Join Donate

The Bruce Murray Space Image Library

Possible sources and sinks for methane on Mars

Possible sources and sinks for methane on Mars

Click to view full image

NASA / JPL / SAM-GSFC / U. Michigan

Possible sources and sinks for methane on Mars
This illustration portrays possible ways that methane might be added to Mars' atmosphere (sources) and removed from the atmosphere (sinks). A molecule of methane consists of one atom of carbon and four atoms of hydrogen. Comet dust brings organic chemicals to Mars from space. Ultraviolet radiation (UV) from the Sun can induce reactions that generate methane from these chemicals, which is probably responsible for a low, global background level of methane everywhere in the atmosphere of Mars. UV can also generate methane from organic materials in the Martian surface. Other possible sources for methane on Mars include reactions between water and olivine, and, hypothetically, microbes. Methane generated underground in the distant or recent past might be stored within lattice-structured methane hydrates called clathrates, and released by the clathrates at a later time, so that methane being released to the atmosphere today might have formed in the past.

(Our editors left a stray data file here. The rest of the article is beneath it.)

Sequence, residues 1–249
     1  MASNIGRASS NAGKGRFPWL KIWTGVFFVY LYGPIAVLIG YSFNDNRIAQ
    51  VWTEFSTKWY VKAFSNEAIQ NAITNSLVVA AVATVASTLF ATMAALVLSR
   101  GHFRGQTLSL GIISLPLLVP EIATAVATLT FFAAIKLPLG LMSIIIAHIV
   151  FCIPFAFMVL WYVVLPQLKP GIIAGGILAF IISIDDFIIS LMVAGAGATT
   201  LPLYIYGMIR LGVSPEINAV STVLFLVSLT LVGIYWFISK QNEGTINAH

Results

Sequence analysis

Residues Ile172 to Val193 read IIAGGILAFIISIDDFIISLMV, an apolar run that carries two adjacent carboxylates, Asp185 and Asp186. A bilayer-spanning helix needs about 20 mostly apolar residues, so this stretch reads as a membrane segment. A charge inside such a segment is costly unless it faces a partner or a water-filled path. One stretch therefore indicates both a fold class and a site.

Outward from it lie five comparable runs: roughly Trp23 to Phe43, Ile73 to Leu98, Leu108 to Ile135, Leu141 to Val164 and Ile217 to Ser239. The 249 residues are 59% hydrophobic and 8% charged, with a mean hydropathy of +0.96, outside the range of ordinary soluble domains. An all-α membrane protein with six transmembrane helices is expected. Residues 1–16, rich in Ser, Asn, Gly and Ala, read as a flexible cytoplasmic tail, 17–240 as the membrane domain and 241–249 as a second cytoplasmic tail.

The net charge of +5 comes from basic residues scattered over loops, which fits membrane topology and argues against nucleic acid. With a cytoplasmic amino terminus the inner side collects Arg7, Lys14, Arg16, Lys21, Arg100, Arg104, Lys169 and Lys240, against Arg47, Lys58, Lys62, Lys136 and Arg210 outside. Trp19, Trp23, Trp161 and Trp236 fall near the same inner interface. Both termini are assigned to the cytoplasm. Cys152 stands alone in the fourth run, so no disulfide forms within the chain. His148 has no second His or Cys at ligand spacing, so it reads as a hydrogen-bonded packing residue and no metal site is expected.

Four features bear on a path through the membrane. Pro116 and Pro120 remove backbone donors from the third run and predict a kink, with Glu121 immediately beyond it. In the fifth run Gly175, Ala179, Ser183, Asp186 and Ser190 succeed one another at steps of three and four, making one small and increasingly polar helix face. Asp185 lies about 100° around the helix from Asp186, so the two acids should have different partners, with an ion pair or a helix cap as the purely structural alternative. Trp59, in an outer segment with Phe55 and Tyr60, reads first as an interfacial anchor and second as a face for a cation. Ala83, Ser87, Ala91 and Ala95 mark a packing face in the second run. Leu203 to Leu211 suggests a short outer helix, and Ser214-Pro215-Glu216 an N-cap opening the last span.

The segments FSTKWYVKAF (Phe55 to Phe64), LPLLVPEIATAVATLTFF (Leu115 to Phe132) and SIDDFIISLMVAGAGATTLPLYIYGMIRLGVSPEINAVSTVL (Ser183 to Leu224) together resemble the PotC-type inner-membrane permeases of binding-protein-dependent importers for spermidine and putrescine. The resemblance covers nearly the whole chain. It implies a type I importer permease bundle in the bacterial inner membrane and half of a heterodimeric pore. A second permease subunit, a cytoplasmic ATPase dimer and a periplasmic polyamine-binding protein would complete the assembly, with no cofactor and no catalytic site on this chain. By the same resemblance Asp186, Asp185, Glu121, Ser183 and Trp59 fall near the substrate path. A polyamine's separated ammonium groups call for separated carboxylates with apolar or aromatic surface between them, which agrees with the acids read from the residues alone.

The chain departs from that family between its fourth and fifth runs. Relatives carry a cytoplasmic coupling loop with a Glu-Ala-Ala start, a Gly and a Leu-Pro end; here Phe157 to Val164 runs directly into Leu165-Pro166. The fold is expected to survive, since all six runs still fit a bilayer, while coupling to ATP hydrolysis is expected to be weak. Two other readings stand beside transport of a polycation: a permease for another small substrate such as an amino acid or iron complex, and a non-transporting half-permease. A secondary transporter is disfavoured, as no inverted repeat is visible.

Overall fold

Winds on Mars can quickly distribute methane coming from any individual source, reducing localized concentration of methane. Methane can be removed from the atmosphere by sunlight-induced reactions (photochemistry). These reactions can oxidize the methane, through intermediary chemicals such as formaldehyde and methanol, into carbon dioxide, the predominant ingredient in Mars' atmosphere.

Most NASA images are in the public domain. Reuse of this image is governed by NASA's image use policy.

Original image data dated on or about December 16, 2014

Explore related images: explaining science, Mars

Comments & Sharing
More Images
Bill Nye and people
Let's Change the World

Become a member of The Planetary Society and together we will create the future of space exploration.

Join Today

Bruce Murray and Carl Sagan
Pretty Pictures

Support the Bruce Murray Space Image Library and help us share the wonders of other worlds.


"We're changing the world. Are you in?"
- CEO Bill Nye

I'm In!